Romeo and Juliet Acts 1-4

Monologue a long speech made by one person that prevents anyone else from talkingExample from romeo and Juliet: When juliet was talking about how Romeo killed Tybalt and how Mercutio was going on about his rant about dreams and Queen Mab
Tragedy A kind of drama that presents a serious subject matter about human suffering and terrible events in a very dignified manner Example from romeo and Juliet:
Tragic hero A tragic hero is a character in a work of fiction (often the protagonist) who commits an action or makes a mistake which eventually leads to his or her defeatExample from Romeo and Juliet: Romeo because he made a mistake of killing Tybalt, which let to his exile and later on killed Paris, which then eventually led him to kill himself
Dialogue conversation between two or more persons in a story Example from Romeo and Juliet: When the nurse, Lady Capulet, and Juliet were talking about her feelings on marriage, Capulet talking to his servants, etc
Aside a term used in drama and theatre and its used when a characters dialogue is spoken but not heard by the other actors on stage Example from Romeo and Juliet: In the balcony scene when Juliet was professing her love for Romeo and he said “Shall I hear more, or shall I speak at this?” In this example, Romeo has heard Juliet speak her private thoughts. He lets the audience know by his aside that he is torn about whether he should reply, thereby revealing his presence, or stay and hear more.
Soliloquy when the character has a speech and nobody else is on the stage , this is important because we the audience will truly know how that character feelsExample: When Juliet was talking about Romeo in the balcony scene and vice versa with Romeo when he was comparing her beauty to the sun
Stage directions an instruction written into the script of a play, indicating stage actions, movements of performers, or production requirements. Example from Romeo and Juliet: when Juliet pulls out a knife and takes out the potion to drink it, when it tells the characters to leave, etc
Plot Sequence of eventsExample: the order of events for Romeo and Juliet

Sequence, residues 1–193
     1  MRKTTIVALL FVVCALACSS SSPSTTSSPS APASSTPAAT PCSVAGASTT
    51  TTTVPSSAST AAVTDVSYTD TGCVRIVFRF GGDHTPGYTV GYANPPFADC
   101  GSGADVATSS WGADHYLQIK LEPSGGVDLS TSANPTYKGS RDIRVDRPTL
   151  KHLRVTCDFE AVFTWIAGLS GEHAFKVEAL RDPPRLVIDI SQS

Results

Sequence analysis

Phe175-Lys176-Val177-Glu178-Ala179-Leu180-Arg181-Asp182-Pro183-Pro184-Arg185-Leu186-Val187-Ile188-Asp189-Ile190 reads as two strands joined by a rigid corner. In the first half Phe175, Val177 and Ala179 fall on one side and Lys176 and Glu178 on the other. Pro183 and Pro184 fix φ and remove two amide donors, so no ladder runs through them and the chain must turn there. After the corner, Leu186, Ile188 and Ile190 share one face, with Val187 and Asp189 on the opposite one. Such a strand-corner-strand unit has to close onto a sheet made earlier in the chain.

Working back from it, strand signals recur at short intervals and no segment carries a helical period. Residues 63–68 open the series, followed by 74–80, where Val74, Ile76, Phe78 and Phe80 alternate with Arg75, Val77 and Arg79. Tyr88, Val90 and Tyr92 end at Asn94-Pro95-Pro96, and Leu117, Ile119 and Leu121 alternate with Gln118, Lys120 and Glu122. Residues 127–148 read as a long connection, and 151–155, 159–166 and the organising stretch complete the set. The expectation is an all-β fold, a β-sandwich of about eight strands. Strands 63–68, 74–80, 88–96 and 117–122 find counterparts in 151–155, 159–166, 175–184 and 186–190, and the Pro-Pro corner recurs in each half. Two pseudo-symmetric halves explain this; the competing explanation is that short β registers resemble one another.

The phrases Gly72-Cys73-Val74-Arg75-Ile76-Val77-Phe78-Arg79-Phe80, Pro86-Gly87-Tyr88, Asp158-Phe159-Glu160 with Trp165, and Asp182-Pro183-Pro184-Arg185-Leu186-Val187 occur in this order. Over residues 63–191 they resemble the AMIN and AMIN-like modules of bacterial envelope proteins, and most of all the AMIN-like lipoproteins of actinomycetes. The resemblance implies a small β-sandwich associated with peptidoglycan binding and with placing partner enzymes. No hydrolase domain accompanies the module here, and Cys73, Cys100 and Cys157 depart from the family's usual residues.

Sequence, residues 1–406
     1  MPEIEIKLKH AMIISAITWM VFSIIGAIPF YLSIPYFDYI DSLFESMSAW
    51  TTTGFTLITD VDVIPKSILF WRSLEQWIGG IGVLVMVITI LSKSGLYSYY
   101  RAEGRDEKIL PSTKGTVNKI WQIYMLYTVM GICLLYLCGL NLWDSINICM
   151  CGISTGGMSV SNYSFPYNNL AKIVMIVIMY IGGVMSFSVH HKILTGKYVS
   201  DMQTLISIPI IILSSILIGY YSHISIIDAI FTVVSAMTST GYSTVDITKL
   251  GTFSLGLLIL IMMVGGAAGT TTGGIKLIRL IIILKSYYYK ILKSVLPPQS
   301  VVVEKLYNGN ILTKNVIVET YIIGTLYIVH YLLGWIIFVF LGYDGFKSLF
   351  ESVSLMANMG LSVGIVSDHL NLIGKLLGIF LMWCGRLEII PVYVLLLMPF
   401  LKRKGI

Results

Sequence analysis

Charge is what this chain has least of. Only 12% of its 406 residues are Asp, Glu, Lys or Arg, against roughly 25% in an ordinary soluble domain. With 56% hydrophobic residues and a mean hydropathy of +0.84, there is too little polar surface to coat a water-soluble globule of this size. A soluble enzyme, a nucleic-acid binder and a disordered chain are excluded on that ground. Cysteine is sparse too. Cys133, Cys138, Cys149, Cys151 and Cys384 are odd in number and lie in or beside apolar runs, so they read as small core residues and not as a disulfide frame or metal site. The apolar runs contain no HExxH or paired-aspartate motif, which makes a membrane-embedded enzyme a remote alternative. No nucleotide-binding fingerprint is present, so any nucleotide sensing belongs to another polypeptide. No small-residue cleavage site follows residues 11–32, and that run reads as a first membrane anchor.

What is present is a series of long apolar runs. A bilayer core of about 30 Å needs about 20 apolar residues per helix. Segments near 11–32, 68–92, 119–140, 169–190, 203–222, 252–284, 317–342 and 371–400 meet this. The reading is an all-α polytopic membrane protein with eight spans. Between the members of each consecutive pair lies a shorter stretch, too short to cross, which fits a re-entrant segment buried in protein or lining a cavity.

Literary Devices
Simile A simile is a figure of speech consisting of a comparison using like or as.Example: “and flecked darkness like a drunkard reels””My bounty as boundless as the sea”
Metaphor A metaphor is when you compare too unlike things without using like or as.Example:”But, soft! what light through yonder window breaks? It is the east, and Juliet is the sun.”( In this metaphor Romeo is comparing Juliet to the sun)”My lips, two blushing pilgrims, ready stand to smooth that rough touch with a tender kiss.” (I think that Romeo is feeling excited to kiss juliet and he is saying kissing juliet would be a religious experience)
Allusion An allusion is a casual reference to a person, place, or event without actually being specific to the reference or incident. Example: When Romeo was talking about Cupid’s arrows to Mercutio [ saying how Rosaline was not hit with them]When Romeo was comparing Juliet to the sun
Oxymoron an oxymoron is a figure of speech that combines two apparently contradictory termsExample:Oh, heavy lightness, serious vanityFeather of lead, bright smoke, cold fire, sick health
Personification When you give non-living things or animals human like traits Example:” the gray eyed morn smiles on the frowning night”” Arise, fair sun, and kill the envious moon”
Foreshadowing the author hints at what will happen later in the story Example: Friar lawrence mentioning how violent delights can have violent ends, Mercutio putting a plague on both households, Juliet threatening suicide if she can’t see Romeo [ also threatened suicide if she had to marry Paris], Romeo saying at the balcony scene about how he didn’t care if he got caught and killed by Juliet’s guards
Dramatic irony when the reader knows something will happen , but the character doesn’t knowExample: When Romeo and Juliet kiss at the party but they don’t know that they are sworn enemies, when Juliet’s family thinks she is crying over Tybaly but in truth she is crying about not seeing Romeo, when everyone thinks that Juliet is dead
Verbal irony when you say something but you don’t mean itExample: When Mercutio got hit and said he “would be in a grave” the next dayWhen Juliet’s mother thinks that Juliet wants to kill romeo [ in context her mom misunderstood what she was saying]
Situational irony When an event is completely unexpectedExample: When Romeo went to the party to see Rosaline, but instead he falls in love with Juliet
Sonnet * A poem with 14 lines* rhyme* the rhymes consists of abab,cdcd,efef,gg* written in iambic pentameter* cuatrain = a group of 4 lines* overall sonnet has a total of 3 quatrain and 1 cuplet [ 2 lines back to back that rhyme]Example: When Romeo and Juliet share their first sonnet when they meet at the party
Plots sequence ( example of events from book) Exposition – when we meet the feuding families and when the prince says that if anyone in the feuding family causes another fight they will be subject to death Rising action- when Romeo meets Juliet at the ball and when Juliet’s mom talks about marriage with her Climax- Romeo and Juliet get married and when Mercutio / Tybalt dieFalling action- romeo gets exiled because he killed Tybalt/ when Juliet’s parents force her to marry ParisSolution- when Friar lawrence tells Juliet to take a potion to make her look dead so that she doesn’t have to marry Paris. When she wakes up her and Romeo will run away together.